Some Things Don’t Change
A recent survey by the Ketchum Group’s Leadership Monitor was picked up by a variety of blogs and newspapers due to the “shock” value of the survey conclusions: women outperform men in the top four key leadership metrics. At first glance, this is the type of headline that provides the television talk shows and roundtables the opportunity to fill a segment with argument designed to produce ratings. At second glance, it provokes the question as to what is the real story about the gender differences in leadership dynamics. Many business publications have been discussing this for a while, such as Harvard Business Review.
A quick review of some of the meta-texts involving personal leadership traits doesn’t show any chapters devoted to advising the reader how to proceed based on their gender. Ketchum’s survey however specifically contrasted “macho” leadership traits with the new “feminine” model for leadership communication. According to Ketchum, a “macho” type of leadership is a propensity to riskier decision-making, favoring obfuscation over transparency, and in general, a type of solitary-man approach that eschews teamwork in favor of “strong leader” behavior designed to produce followers rather than collaborators. It uses as an example the continuing war of words between the United States and Russia over Ukraine.
The Ketchum model of “feminine” leadership increasingly favored by the world (according to the survey) is centered around “transparency, collaboration, genuine dialogue, clear values, and the alignment of words and deeds”. In support of this “style” was a survey juxtaposition of the percentage of world leaders who are male (80%) and the percentage of survey respondents who think they are doing a good job (30%).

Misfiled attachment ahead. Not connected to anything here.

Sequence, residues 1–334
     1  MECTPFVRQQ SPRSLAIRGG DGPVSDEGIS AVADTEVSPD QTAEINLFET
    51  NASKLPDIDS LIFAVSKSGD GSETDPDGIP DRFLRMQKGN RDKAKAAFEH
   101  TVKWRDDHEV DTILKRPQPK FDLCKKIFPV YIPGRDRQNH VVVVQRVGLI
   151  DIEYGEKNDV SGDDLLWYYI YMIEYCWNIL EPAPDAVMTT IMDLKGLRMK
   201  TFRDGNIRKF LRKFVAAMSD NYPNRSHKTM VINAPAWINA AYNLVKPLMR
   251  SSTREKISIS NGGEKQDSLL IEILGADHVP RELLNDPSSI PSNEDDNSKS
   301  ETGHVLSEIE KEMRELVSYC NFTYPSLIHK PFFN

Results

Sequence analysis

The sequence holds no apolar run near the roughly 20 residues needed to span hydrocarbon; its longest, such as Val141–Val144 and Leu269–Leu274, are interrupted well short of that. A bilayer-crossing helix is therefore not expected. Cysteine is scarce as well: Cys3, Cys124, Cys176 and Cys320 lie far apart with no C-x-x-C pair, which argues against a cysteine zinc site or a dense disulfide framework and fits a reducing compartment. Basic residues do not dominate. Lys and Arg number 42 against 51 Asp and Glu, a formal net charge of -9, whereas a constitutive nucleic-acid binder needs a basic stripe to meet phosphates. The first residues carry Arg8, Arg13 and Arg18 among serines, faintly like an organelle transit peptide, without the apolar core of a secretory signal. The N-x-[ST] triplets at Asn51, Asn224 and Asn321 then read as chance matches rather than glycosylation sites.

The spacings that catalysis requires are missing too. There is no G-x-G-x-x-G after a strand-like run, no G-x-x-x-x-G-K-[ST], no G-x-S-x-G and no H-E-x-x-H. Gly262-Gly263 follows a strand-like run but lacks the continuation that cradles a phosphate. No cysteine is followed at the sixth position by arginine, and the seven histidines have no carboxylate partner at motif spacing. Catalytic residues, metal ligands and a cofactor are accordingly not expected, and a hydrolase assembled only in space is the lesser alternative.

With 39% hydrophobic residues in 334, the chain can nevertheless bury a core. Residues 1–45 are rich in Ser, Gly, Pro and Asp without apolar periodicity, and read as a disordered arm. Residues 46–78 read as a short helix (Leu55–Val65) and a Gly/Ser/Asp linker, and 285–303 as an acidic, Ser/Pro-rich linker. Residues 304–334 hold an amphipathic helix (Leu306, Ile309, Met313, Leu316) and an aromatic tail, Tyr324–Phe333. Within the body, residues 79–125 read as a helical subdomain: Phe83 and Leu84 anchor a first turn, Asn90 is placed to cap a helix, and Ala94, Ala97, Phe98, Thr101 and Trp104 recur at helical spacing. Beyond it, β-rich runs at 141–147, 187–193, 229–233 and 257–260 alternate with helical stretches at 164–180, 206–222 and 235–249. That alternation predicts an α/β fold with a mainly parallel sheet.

However, regardless of the spin on surveys and statistics, Ketchum did hit the nail on the head when it came to picking out the key metrics of leadership success. In no short order, being transparent, leading by example, admitting mistakes, and bringing out the best in others, were the top metrics of good leadership, and women outperformed men in achieving better survey results in all four. It is no coincidence that each of these traits can be affected positively or negatively by pride and ego. This is where women may have the inside track on men when it comes to performance. Survey results consistently reveal that men are more prone to overrate their own strengths while women are more likely to underrate them.
Ultimately, leadership is a blend of many skills that to my mind, are neither feminine or masculine, but rather, are comfortable and uncomfortable. A leader’s ability to be effective in their role often turns on how well they are able to master their own demons. Understanding your strengths and weaknesses and being able to identify where you need to improve and in what zone you need to operate is all about the emotional intelligence part I have harped on before. While ego and pride are not by any stretch absent in women leaders, and a barely controllable demon in men, there are clear differences in how men and women work the room, so to speak.
Which returns us to leadership, gender, and emotional intelligence. There are more than enough popular books on sale written from the perspective of the female leader, on achieving in a predominantly male organization. In these organizations, achievement is often measured through the bottom line, such as company value. From the “human” fields, such as law enforcement, emergency response, and of course, the military, the bottom line isn’t money. It is performance of the group, in the task at hand. In this day and age, the front line of first responders value competence in their leadership first, well before similar genitalia. Science says we think different, but our goals are the same – bring everyone home safe, get the bad guy, serve and protect. When we make excuses for our differences, or try to hide them, we are missing the point.